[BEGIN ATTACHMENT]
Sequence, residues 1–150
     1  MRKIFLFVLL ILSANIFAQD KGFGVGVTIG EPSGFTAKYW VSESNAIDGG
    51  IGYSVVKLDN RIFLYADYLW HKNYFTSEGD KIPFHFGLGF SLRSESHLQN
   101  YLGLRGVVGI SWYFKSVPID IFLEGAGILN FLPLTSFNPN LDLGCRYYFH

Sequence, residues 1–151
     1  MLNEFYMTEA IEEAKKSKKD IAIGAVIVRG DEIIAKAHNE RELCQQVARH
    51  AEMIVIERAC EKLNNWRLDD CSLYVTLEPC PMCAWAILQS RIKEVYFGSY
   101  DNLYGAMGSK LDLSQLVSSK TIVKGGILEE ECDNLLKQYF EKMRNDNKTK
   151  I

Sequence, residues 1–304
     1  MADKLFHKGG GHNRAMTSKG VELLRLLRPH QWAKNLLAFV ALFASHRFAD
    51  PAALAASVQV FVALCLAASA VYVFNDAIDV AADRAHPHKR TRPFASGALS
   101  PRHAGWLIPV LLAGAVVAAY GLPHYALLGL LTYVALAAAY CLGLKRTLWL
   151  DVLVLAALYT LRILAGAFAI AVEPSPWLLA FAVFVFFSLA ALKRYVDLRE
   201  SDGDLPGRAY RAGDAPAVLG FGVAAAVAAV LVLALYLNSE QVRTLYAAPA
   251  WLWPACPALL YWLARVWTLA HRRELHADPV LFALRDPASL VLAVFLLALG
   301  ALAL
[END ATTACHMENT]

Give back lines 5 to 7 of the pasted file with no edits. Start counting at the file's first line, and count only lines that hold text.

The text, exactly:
Sequence, residues 1–151
     1  MLNEFYMTEA IEEAKKSKKD IAIGAVIVRG DEIIAKAHNE RELCQQVARH
    51  AEMIVIERAC EKLNNWRLDD CSLYVTLEPC PMCAWAILQS RIKEVYFGSY